Kathy Gibson at Lenovo’s MEA Summit, Cape Town – Still a young company, Lenovo has had an interesting journey so far – and it’s not finished changing and adapting yet.
“The company has its roots in the PC industry, ” says Marc Godin, vice-president and GM of Lenovo MEA. “Since then we have expanded into new technologies and new markets.”
This move started with the acquisition of Motorola devices to form the mobile business group, and has more recently included the acquisition of the IBM X server business to form the Lenovo data centre group.
The Lenovo Capital and Incubator Group is the area less well known, Godin explains.
“It is our VCR,” he says. “We invest in startup companies dealing with new technologies. And we also speed up technologies coming from the Lenovo research teams.”
Overall, Lenovo is now a global corporation, operating across the world, serving customers in 160 counties.
“We have become a global IT company,” Godin says. “But we aspire also to be balanced and diversified.”
To this end, revenue is spread quite evenly across the geographies; and is more diversified in terms of technology and product offerings than in the past. The non-PC business is now about one-third of the business and growing fast.
Godin shares some highlights across the various business groups.
“In the last fiscal year we achieved record market share in the PC space, and have established a solid position in this market.
“We delivered the latest edition of our flagship product, the ThinkPad Xi Carbon — this is the lightest 14-inch business laptop in the industry.”
Four years ago, Lenovo created the multi-mode category with its Yoga PCs, and continues to innovate in this area, Godin says.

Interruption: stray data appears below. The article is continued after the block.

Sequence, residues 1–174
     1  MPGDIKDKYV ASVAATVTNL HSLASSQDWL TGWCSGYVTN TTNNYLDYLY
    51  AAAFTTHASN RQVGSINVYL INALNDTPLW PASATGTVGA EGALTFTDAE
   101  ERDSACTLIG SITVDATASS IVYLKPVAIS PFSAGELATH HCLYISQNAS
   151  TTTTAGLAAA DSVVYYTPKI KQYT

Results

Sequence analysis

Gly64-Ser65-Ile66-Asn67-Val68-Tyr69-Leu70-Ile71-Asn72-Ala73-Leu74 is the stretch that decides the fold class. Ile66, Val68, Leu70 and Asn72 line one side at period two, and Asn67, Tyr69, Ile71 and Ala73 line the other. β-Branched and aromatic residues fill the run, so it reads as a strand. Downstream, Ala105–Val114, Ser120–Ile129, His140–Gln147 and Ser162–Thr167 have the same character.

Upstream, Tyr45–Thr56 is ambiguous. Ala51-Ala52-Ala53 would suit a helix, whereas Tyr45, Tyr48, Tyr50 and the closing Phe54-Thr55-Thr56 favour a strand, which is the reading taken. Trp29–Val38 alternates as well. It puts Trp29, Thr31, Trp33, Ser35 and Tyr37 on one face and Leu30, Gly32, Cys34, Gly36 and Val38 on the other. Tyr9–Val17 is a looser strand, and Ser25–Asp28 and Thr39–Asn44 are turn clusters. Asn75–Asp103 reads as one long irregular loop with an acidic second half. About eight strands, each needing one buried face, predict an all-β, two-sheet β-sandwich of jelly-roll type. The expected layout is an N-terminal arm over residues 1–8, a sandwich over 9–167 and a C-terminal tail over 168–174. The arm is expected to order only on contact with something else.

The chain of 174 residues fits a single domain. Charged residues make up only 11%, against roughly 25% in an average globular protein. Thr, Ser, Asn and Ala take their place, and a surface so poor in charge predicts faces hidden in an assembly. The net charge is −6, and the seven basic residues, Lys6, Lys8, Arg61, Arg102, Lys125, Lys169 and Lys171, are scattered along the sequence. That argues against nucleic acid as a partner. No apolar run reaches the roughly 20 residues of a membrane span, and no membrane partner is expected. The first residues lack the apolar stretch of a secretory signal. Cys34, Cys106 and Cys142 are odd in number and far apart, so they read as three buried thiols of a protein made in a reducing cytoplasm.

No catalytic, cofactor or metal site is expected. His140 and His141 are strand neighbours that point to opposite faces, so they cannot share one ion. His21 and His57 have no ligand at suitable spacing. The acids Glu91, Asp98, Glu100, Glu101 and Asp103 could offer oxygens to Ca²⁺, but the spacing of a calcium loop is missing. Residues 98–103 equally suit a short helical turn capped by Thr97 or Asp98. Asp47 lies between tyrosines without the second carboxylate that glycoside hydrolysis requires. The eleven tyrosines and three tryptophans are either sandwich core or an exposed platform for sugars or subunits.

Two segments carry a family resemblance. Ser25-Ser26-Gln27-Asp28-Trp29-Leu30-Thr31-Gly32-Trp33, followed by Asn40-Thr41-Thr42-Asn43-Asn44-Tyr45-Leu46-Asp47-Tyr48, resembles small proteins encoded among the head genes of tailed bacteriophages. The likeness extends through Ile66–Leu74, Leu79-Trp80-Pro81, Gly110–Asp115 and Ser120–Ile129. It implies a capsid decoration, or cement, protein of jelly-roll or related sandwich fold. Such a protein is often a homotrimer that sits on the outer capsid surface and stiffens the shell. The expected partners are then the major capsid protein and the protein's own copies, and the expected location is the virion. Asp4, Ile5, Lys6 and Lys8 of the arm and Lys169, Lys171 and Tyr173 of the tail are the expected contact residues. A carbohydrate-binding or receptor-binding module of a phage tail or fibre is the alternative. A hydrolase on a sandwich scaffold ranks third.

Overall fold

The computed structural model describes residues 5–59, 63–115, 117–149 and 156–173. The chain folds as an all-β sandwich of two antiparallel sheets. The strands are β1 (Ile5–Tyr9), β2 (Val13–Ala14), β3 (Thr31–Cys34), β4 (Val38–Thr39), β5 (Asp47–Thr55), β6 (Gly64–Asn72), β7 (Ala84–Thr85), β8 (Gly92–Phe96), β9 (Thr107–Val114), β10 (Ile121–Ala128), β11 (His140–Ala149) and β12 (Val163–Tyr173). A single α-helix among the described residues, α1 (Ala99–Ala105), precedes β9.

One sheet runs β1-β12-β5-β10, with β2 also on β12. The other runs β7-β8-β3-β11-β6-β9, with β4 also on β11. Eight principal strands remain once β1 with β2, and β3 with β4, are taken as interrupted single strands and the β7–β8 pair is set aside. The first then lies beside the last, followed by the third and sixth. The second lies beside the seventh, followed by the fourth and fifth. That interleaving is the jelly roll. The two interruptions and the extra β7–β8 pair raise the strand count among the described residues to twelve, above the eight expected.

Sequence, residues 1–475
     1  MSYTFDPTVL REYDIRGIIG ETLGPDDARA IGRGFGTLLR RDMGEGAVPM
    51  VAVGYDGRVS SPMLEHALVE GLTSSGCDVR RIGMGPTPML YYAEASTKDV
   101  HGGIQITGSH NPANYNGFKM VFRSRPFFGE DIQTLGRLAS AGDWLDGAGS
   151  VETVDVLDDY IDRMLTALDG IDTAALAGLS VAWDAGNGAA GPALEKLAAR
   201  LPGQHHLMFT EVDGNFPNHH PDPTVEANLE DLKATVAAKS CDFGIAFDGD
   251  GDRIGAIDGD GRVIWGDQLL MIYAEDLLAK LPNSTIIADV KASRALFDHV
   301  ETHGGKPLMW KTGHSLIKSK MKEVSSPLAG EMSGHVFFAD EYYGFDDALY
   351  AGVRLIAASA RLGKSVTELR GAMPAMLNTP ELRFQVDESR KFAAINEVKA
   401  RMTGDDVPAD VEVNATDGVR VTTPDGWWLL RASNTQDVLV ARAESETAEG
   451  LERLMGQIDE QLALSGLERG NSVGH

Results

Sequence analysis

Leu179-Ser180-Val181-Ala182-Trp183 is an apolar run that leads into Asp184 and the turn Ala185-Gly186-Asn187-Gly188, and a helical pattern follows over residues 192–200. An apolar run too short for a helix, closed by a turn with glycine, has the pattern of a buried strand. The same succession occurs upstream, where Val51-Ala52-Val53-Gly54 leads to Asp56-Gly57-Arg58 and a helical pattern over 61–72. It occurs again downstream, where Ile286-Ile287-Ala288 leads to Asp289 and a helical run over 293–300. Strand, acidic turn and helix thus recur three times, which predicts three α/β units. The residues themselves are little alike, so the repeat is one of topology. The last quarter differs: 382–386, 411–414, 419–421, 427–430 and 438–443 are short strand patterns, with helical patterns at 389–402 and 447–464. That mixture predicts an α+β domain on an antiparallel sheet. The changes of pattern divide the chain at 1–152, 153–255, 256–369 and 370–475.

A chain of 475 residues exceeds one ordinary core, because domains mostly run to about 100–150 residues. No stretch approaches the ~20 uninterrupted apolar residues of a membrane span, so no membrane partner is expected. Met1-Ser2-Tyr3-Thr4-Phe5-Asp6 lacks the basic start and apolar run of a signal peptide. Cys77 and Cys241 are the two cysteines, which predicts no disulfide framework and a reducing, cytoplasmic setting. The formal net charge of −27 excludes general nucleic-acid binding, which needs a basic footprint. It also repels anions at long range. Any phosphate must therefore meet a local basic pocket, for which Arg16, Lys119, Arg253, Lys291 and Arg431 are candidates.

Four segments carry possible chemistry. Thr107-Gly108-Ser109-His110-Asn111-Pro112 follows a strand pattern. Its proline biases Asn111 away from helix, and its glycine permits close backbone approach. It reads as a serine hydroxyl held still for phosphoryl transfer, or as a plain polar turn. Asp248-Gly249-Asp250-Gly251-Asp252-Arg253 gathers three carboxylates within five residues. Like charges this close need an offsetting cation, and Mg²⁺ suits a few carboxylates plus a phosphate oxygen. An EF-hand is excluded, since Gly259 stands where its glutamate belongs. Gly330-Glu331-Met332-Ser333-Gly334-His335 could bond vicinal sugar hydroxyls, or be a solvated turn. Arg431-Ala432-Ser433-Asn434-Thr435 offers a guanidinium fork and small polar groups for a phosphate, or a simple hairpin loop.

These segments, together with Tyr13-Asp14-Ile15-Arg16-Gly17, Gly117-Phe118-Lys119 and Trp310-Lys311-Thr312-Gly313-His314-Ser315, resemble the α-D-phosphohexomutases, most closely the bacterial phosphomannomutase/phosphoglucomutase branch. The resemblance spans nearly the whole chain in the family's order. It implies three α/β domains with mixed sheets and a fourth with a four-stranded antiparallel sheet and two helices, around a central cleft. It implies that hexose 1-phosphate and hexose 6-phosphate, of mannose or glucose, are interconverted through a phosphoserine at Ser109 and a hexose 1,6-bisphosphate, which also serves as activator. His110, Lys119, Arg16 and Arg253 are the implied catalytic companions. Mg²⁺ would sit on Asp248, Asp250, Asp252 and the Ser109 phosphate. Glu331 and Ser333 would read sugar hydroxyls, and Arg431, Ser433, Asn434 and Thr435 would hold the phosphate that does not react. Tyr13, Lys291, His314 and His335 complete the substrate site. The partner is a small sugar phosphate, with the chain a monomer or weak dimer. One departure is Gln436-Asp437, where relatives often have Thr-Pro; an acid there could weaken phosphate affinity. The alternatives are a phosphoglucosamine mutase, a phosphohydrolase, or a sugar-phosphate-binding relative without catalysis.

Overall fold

“We have also extended the Yoga franchise into the commercial space with the ThinkPad X1 Yoga.
“We are not only defining new categories, but continue to lead in these categories.”
Lenovo also challenges the status quo, Godin says. “Last year we introduced a product no-one had ever seen before — the Yoga Book, that redefines the tablet category.”
In the data centre space, Lenovo is also innovating, according to Godin.
“We have announced a complete new portfolio of products and solutions, including the ThinkAgile portfolio.
“This not an ordinary platform, it is a range of pre-configured an trusted solutions, ready to be deployed in an effective way.”
In the smartphone space, the company has launched new designs, Godin says.
“We introduced the combination of Moto Z and Moto Mods, allowing users to customise their phones by snapping accessories on.
“No-one had ever done this before, and we have reached about 3-million users in a year.”
The Moto G5 is also breaking sales records across the world, he adds.
“Looking into the future is always an interesting exercise,” Godin adds.
“Our vision is to lead in two fundamental areas: we want to be a leading provider of smart or smarter devices; and we aim to be a leading provider of future generations of data centre that ae more agile and more flexible to power users’ workloads.”
The strategy is what Lenovo calls the three-way strategy.
“This involves maintaining our leadership position in the PC space,” Godin says.
The key priorities in this area re to better understand customers; raise the bar on capabilities and efficiency; invest in high-growth segments; and capitalise on industry consolidation opportunities.